Detection and prediction limits for identifying highly confusable drug names from experimental data

Bruce L. Lambert*, Runa Bhaumik, Weihan Zhao, Dulal K. Bhaumik

*Corresponding author for this work

Research output: Contribution to journalArticlepeer-review

6 Scopus citations


Confusions between drug names that look and sound alike are common, costly, harmful, and difficult to prevent. One prevention strategy is to screen proposed new drug names for confusability before approving them. Widespread acceptance of preapproval tests of confusability is compromised by the lack of experimental designs and statistical methods to support valid inferences about whether a proposed new name is unacceptably confusing. One way of identifying confusing names is to conduct memory and perception experiments on a set of drug names which would include both the new name and a set of control names (e.g., names already on the market). The experiment would yield an observed error rate for every name. Inferences about the acceptability of the new name can be made by comparing the error rate of the new name to the distribution of error rates of the control names. We describe four memory and perception experiments on drug names, carried out using clinicians as participants. Each experiment included drug names designated as test and control names. We demonstrate how to use a combination of logistic regression, Poisson prediction limits, and highly assured credible intervals to identify and apply a threshold for identifying unacceptably confusing names. Our models show an excellent fit to the data. These experimental designs and analytic methods should be useful in the preapproval testing of proposed new drug names and in similar regulatory scenarios where it is necessary to draw inferences about the comparative safety or effectiveness of new vs. old products.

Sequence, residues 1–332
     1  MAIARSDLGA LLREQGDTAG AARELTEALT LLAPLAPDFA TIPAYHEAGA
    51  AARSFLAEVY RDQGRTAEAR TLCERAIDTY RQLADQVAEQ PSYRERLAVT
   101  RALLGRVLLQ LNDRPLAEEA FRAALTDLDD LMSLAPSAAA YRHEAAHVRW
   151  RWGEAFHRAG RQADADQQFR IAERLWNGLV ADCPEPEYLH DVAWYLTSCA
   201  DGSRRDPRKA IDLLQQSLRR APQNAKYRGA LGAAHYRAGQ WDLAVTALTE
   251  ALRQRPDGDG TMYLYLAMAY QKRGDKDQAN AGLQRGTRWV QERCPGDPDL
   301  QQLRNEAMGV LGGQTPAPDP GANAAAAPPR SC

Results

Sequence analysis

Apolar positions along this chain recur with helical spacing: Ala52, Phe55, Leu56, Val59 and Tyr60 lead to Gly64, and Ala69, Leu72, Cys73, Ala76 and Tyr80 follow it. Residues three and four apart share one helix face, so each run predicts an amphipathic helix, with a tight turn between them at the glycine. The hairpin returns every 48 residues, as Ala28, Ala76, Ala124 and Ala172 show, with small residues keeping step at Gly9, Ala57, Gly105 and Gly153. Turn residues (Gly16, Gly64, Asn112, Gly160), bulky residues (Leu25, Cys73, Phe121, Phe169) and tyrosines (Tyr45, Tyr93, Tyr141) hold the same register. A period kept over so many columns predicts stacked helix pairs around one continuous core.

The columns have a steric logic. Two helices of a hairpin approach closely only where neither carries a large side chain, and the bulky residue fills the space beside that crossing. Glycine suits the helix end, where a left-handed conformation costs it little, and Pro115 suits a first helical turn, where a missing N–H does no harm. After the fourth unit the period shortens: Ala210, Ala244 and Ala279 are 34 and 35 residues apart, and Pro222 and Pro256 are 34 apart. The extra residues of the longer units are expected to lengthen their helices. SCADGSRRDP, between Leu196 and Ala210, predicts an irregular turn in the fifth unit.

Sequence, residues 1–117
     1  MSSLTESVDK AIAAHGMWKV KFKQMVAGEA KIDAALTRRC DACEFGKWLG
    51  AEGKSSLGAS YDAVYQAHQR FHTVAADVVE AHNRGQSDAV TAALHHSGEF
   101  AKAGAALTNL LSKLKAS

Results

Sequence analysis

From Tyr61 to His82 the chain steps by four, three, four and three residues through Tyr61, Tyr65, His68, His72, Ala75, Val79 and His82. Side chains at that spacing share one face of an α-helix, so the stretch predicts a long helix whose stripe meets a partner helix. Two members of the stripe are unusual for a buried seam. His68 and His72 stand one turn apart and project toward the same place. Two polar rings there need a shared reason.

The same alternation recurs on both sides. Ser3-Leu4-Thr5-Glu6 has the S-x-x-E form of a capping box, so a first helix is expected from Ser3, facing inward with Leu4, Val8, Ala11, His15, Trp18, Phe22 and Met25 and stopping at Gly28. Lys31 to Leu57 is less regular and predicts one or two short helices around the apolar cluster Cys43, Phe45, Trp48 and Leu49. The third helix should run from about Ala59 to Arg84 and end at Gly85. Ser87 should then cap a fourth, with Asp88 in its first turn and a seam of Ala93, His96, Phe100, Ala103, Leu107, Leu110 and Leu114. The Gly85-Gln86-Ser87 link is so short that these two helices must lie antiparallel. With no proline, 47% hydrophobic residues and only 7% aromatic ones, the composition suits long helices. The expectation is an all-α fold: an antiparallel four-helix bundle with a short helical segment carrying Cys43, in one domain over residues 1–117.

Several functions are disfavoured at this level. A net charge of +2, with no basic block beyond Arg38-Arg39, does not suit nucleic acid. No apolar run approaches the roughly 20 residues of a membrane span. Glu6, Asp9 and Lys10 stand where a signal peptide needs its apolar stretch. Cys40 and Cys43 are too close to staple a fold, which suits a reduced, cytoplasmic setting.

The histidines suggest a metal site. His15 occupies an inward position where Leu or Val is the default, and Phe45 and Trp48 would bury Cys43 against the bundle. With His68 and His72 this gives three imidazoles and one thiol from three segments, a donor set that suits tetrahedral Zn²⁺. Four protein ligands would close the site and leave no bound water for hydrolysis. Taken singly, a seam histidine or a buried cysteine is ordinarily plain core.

Original languageEnglish (US)
Pages (from-to)365-385
Number of pages21
JournalJournal of Biopharmaceutical Statistics
Issue number2
StatePublished - Mar 3 2016


  • Detection limits
  • drug name confusion
  • medication errors
  • patient safety
  • poisson prediction limits

ASJC Scopus subject areas

  • Statistics and Probability
  • Pharmacology
  • Pharmacology (medical)


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